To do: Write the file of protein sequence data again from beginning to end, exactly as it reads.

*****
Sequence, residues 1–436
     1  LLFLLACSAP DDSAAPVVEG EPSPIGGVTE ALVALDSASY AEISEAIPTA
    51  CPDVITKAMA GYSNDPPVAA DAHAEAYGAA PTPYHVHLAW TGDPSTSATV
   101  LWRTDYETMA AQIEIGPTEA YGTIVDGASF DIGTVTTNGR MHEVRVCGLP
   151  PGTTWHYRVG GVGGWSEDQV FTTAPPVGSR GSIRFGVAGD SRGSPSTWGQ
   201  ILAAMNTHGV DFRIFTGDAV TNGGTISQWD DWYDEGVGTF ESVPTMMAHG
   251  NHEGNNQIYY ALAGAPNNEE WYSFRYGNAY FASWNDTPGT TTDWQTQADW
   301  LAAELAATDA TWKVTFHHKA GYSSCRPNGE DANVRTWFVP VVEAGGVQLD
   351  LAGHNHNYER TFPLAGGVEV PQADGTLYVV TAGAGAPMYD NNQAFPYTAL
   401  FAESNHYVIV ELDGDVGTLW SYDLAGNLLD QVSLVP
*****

Sequence, residues 1–436
     1  LLFLLACSAP DDSAAPVVEG EPSPIGGVTE ALVALDSASY AEISEAIPTA
    51  CPDVITKAMA GYSNDPPVAA DAHAEAYGAA PTPYHVHLAW TGDPSTSATV
   101  LWRTDYETMA AQIEIGPTEA YGTIVDGASF DIGTVTTNGR MHEVRVCGLP
   151  PGTTWHYRVG GVGGWSEDQV FTTAPPVGSR GSIRFGVAGD SRGSPSTWGQ
   201  ILAAMNTHGV DFRIFTGDAV TNGGTISQWD DWYDEGVGTF ESVPTMMAHG
   251  NHEGNNQIYY ALAGAPNNEE WYSFRYGNAY FASWNDTPGT TTDWQTQADW
   301  LAAELAATDA TWKVTFHHKA GYSSCRPNGE DANVRTWFVP VVEAGGVQLD
   351  LAGHNHNYER TFPLAGGVEV PQADGTLYVV TAGAGAPMYD NNQAFPYTAL
   401  FAESNHYVIV ELDGDVGTLW SYDLAGNLLD QVSLVP